Dancing Girls of Lahore: Selling Love and Hoarding Dreams in Pakistan's Ancient Pleasure Districtby Louise Brown, T. Louise Brown
The dancing girls of Lahore inhabit the Diamond Market in the shadow of a great mosque. The twenty-first century goes on outside the walls of this ancient quarter but scarcely registers within. Though their trade can be described with accuracy as prostitution, the dancing girls have an illustrious history: Beloved by emperors and nawabs, their sophisticated art
The dancing girls of Lahore inhabit the Diamond Market in the shadow of a great mosque. The twenty-first century goes on outside the walls of this ancient quarter but scarcely registers within. Though their trade can be described with accuracy as prostitution, the dancing girls have an illustrious history: Beloved by emperors and nawabs, their sophisticated art encompassed the best of Mughal culture. The modern-day Bollywood aesthetic, with its love of gaudy spectacle, music, and dance, is their distant legacy. But the life of the pampered courtesan is not the one now being lived by Maha and her three girls. What they do is forbidden by Islam, though tolerated; but they are gandi, "unclean," and Maha's daughters, like her, are born into the business and will not leave it.
Sociologist Louise Brown spent four years in the most intimate study of the family life of a Lahori dancing girl. With beautiful understatement, she turns a novelist's eye on a true story that beggars the imagination. Maha, a classically trained dancer of exquisite grace, had her virginity sold to a powerful Arab sheikh at the age of twelve; when her own daughter Nena comes of age and Maha cannot bring in the money she once did, she faces a terrible decision as the agents of the sheikh come calling once more.
A great journalist takes readers places they've never been before, while a great writer makes them feel as though they're really there. Brown qualifies on both counts, as evidenced by her groundbreaking foray into the lives of the women of Heera Mandi, a red-light district in Lahore, Pakistan.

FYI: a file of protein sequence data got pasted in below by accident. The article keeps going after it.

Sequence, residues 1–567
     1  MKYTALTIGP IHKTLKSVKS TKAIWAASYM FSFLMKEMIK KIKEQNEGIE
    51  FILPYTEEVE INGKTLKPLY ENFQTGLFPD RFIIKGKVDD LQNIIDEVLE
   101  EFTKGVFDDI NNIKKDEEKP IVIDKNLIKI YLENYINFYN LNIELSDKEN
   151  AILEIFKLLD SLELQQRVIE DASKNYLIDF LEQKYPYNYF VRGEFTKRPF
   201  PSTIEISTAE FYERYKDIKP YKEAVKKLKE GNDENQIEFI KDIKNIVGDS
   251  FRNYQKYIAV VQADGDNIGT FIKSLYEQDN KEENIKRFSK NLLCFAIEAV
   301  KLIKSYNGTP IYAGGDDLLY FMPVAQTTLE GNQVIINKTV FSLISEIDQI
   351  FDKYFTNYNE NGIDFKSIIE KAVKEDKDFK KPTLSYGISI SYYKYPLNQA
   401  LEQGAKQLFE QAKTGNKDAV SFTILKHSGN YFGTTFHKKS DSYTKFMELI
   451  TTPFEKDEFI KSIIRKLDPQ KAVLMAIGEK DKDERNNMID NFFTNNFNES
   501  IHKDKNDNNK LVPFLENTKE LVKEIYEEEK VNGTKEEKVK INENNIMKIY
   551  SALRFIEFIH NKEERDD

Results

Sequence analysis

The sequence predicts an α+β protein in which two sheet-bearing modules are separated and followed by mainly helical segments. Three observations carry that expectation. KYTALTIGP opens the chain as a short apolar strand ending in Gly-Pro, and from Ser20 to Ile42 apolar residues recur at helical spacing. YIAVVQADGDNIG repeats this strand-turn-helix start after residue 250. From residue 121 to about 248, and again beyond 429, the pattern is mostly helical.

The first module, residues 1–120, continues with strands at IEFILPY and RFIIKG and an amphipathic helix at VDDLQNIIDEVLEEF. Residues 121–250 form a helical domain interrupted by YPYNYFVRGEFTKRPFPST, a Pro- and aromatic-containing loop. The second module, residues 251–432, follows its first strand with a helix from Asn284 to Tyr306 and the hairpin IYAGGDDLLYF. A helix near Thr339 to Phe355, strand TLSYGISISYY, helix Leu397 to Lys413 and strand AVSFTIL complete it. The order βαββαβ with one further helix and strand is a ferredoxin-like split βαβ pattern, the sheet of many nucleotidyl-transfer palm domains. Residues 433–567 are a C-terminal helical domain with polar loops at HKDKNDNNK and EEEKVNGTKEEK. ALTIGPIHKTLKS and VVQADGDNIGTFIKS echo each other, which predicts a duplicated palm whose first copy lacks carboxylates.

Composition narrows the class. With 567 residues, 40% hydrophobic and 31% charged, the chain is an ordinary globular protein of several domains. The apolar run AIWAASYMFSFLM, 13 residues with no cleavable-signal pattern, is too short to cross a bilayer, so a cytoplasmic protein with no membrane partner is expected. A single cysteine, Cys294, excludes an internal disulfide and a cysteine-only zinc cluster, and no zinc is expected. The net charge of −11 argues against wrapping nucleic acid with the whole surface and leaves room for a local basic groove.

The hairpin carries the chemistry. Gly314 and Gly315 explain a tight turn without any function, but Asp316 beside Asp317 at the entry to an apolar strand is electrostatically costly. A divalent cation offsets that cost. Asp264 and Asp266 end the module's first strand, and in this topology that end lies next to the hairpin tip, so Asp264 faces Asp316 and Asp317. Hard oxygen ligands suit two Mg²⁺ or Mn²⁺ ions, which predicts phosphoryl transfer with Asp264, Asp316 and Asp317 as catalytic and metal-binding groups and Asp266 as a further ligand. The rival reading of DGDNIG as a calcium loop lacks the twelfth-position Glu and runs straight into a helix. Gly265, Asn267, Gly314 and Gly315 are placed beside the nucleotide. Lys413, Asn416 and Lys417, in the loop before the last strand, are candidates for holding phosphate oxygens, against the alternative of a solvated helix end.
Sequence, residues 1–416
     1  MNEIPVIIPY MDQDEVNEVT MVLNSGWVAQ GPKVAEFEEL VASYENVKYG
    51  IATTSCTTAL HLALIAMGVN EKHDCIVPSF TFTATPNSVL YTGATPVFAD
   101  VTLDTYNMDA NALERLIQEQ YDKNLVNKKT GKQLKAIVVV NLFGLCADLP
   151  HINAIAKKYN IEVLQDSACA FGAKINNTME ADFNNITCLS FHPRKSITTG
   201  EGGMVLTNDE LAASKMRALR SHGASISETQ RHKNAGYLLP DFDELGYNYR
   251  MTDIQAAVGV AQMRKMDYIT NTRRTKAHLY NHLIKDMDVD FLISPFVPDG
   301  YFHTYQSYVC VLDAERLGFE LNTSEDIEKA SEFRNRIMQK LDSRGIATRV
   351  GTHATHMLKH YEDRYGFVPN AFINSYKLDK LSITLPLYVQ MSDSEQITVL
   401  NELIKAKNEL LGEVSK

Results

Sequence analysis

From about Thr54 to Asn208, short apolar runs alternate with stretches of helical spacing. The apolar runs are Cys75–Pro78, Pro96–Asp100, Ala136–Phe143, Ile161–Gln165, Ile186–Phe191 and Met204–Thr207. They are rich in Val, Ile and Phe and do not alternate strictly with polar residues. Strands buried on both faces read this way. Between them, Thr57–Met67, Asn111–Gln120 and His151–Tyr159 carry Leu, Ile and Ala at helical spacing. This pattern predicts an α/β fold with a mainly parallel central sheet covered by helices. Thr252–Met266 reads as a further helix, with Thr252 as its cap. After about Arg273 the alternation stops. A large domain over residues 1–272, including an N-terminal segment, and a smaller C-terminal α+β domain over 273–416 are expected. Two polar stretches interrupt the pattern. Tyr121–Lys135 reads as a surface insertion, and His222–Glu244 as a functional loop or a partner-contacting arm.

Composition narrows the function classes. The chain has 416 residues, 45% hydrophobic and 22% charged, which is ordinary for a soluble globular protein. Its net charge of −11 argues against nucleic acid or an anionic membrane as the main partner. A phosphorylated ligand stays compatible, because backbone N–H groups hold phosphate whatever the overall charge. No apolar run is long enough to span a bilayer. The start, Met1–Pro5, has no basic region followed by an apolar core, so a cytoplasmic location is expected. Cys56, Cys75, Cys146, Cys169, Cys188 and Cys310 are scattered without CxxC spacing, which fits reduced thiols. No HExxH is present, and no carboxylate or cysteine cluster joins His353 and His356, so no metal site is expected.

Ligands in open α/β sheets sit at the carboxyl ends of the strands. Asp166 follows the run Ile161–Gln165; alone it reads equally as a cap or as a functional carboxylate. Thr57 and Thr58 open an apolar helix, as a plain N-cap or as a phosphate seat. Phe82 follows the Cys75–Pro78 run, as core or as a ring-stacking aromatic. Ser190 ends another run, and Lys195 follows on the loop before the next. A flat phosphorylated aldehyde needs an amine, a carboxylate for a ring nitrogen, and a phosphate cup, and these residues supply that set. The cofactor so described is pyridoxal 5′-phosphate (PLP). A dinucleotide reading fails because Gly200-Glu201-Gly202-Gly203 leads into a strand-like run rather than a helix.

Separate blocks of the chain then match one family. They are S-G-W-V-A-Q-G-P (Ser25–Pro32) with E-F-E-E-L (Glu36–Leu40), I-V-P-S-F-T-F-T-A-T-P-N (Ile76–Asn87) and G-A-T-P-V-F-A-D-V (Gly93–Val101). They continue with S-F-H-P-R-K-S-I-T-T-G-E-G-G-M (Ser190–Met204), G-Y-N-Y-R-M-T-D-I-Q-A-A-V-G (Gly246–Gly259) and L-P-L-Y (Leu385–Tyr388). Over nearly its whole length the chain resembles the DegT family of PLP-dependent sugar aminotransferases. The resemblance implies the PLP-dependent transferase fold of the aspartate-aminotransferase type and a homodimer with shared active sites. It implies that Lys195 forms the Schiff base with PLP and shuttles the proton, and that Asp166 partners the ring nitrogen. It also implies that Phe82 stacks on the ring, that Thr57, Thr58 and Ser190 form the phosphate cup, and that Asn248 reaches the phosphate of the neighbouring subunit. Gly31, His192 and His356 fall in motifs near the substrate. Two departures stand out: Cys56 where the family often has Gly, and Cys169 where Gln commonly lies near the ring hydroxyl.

An academic researcher who has studied prostitution globally, Brown spent four years gathering materials for The Dancing Girls of Lahore, and informs readers that this red-light district dates from ancient times, when courtesans would vie for the hearts of sultans and emperors. The older women like to remember themselves as artists. "Their skills had nothing to do with sex -- except, perhaps, sometimes." But today Heera Mandi is a run-down, congested, dangerous ghetto where women are born into the profession with scant hope of escaping.
Brown's depiction of these "dancing girls" is as gripping as it is devastating. She describes the influence of the local drug trade and the filthy conditions in which the women live, and readers sense her struggle with her role as an observer when she desperately wishes to save one young girl from a dismal future. The Dancing Girls of Lahore is essential reading, because it forces its readers to see that regardless of how much women have achieved in many parts of the world, there's still much progress to be made. (Fall 2005 Selection)
The Washington Post
The New York Times
- HarperCollins Publishers
- Publication date:
- Product dimensions:
- 6.00(w) x 9.00(h) x 1.05(d)
Read an Excerpt
"We Were Artists . . . Not Gandi Kanjri"
(Hot Season: April - June 2000)
Meet the Author
Louise Brown is an academic at Birmingham University, England, and the author of several books on Asia. She frequently returns to Lahore, Pakistan.
- Birmingham, England
- Date of Birth:
- June 1, 1963
- Place of Birth:
- Stone, Staffordshire, England
- B.A. Honors in Medieval and Modern History
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Most Helpful Customer Reviews
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This book gives a very good in depth view of the lives of the men and women who live in the Lahore red light district. Although the lives of most that we meet are sad and inescapable it helps us to gain insight into other parts of the world. I really enjoyed the book.
This book provided a very real snap shot into the lives of the women in Lahore's red light district. Very real and honest. It was also a very interesting glance into the practices and beliefs of Muslims in Pakistan. My only complaint is that I felt the heart of the book took place in the end. I found myself wanting to hear more about the adult lives of the main character's daughters. But I also realize this book was primarily intended for academic research, not entertainment, and since it is non-fiction, their story is still unfolding. Perhaps a sequel.....
Dancing Girls is a little too long but well written. Brown from England, lives in the Pleasure District for weeks at a time. This can be very painful reading, very young girls are raised to be prostitutes, neglect and abuse are rampant. But I am curious as to how and why Brown (an academic) can leave her own daughters back in England.